Foreign and Military Affairs

China's emission peak depends on developed nations

Updated: 2010-10-06 22:49
Large Medium Small

Tianjin - China's top climate change official said on Wednesday that the country's greenhouse gas emissions would peak earlier than expected if developed countries complied with international protocols.

"We will try to get past the peak of emissions as early as possible, but this also hinges on how much money the developed nations will offer and what technology they will transfer, as required by the international protocols," Xie Zhenhua, who is also vice minister of the National Development and Reform Commission, told reporters on the sidelines of the ongoing United Nations climate talks in northern China's Tianjin.

Related readings:
China's emission peak depends on developed nations China 'constructive' in climate change talks
China's emission peak depends on developed nations Balance sought for climate change
China's emission peak depends on developed nationsChina calls for balanced way to tackle climate change
China's emission peak depends on developed nations 
UN climate change talks open in Tianjin

"The more money they provide, or the earlier the money arrives, the sooner we should be able to pass the emissions peak," Xie said.

He noted some developed countries, even with a per capita GDP of more than 40,000 US dollars per year, have yet to reach their emissions peak as their greenhouse gas emissions continue to rise.

"Under such circumstances, how can you ask China, with a per capita GDP just over 3,000 US dollars, to foresee its peak?" he asked.

After three rounds of talks this year, which are moving slowly towards a negotiated text for the Cancun meeting, more than 3,000 delegates from 194 nations gathered in Tianjin to speed the search for common ground prior to a major meeting in Mexico's Cancun at the end of the year.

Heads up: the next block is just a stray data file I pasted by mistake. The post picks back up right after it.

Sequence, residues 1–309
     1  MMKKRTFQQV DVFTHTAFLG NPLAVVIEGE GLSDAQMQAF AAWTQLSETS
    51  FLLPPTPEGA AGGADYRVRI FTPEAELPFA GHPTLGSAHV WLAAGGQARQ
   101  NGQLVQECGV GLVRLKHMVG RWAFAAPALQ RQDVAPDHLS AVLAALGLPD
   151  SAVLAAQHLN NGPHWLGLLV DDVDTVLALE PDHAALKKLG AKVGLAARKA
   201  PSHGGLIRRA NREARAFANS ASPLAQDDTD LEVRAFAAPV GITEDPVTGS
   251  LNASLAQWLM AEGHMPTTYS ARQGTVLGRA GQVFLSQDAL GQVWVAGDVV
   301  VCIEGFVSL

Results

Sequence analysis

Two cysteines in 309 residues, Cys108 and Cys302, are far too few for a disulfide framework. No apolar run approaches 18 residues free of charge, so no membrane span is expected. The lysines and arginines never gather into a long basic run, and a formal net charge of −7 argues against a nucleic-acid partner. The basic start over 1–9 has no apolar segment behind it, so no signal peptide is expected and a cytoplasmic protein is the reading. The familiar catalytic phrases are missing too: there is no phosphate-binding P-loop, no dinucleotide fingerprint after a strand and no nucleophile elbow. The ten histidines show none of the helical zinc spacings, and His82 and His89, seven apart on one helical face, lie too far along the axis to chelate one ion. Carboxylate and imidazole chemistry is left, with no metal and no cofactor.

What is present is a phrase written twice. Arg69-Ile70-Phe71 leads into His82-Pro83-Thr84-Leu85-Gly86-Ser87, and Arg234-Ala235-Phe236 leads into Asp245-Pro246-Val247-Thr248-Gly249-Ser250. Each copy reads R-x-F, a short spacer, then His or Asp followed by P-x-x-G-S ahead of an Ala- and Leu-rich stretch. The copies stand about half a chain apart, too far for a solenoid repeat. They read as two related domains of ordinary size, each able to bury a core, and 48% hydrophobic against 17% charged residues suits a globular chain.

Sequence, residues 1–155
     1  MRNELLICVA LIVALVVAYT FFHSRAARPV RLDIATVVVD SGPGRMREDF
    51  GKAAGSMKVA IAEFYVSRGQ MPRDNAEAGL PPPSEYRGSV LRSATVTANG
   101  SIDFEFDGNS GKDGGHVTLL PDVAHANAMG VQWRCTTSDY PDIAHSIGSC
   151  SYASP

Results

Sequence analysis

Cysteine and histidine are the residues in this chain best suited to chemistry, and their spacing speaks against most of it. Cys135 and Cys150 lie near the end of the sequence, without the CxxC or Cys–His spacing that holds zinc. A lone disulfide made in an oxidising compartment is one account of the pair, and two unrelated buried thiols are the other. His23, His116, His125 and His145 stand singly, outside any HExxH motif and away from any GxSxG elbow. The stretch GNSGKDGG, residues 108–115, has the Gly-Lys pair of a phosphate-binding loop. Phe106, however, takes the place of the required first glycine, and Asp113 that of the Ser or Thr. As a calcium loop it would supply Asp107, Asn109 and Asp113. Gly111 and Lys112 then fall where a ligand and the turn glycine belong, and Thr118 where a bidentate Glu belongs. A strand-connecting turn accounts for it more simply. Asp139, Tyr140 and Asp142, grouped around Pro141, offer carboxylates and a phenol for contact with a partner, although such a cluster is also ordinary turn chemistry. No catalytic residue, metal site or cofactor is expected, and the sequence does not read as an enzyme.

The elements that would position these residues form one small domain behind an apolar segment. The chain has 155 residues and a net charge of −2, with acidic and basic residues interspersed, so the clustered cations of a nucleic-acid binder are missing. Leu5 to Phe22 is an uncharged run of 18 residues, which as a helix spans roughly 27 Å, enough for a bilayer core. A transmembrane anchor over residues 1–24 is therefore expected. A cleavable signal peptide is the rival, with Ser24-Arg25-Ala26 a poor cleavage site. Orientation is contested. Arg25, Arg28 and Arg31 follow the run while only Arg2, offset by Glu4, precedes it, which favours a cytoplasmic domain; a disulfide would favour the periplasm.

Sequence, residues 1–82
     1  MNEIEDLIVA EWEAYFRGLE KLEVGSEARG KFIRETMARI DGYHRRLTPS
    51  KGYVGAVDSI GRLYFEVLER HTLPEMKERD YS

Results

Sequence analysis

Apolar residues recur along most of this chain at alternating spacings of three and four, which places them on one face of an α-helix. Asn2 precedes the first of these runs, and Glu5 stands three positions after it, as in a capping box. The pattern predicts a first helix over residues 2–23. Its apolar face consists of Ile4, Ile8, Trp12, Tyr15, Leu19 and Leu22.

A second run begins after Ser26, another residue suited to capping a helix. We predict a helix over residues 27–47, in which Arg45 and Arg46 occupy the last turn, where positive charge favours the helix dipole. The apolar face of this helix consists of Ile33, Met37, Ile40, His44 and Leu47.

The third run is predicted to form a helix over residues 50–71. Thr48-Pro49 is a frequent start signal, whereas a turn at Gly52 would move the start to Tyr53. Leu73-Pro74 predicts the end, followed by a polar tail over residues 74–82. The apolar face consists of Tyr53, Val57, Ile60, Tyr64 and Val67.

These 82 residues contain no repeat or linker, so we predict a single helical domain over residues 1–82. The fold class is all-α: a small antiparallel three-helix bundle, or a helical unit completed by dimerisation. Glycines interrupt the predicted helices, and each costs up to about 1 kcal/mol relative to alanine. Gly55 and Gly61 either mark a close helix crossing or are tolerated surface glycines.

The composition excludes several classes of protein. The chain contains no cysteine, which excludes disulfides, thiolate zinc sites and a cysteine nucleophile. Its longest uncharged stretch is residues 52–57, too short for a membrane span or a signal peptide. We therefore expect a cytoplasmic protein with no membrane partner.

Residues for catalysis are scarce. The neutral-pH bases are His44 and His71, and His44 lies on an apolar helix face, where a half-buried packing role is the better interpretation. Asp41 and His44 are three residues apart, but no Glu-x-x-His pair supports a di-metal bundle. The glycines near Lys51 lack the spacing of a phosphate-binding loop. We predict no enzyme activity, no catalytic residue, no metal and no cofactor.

However, the gap remains wide between developed and developing nations as rich nations remain wary of green technology transfers and providing additional financing to poorer nations.

They are also concerned about the excessive demands of transparency by developed countries seeking an accounting by developing countries over their voluntary efforts to cut emissions, even though developing countries have no obligation to comply.

At last year's meeting in Copenhagen, wealthy countries asked for consultations and analysis on the voluntary domestic green efforts of developing nations in exchange for quick financing. Cash-strapped developing countries agreed.

"It is unreasonable and unacceptable that rich countries set tough standards to verify a developing nations's green efforts when it totally relies on its own money and technology to do so, " Xie said.

"If we use a rich country's resources, we certainly have the obligation to report. But if we don't, that is another case," he said.

He said a rise in greenhouse gas emissions in China and other developing countries was reasonable, given that they faced the daunting challenges of developing their economies and improving people's lives.

"The key is how to slow down the emission growth so it won't get out of control. And China has taken concrete actions on that," he added.

He urged rich nations to effectively implement the quick financing they pledged, which, he said, would be a key element towards rebuilding trust between the rich and poorer nations.

Developed countries should take a leading role in substantially raising their emission reducing targets, while developing countries should also make their own contributions.

At the end of last year, China announced plans to cut greenhouse gas emissions per unit of GDP by 40 to 45 percent by 2020 from 2005 levels.

As part of that goal, the government has been stepping up closures of outdated production capacity, which has been blamed for pollution and hindering upgrading industry.

Over the past four years, China eliminated 60 million kw of high energy-intensive power generation capacity, which is more than the total installed power generation capacity of the whole United Kingdom.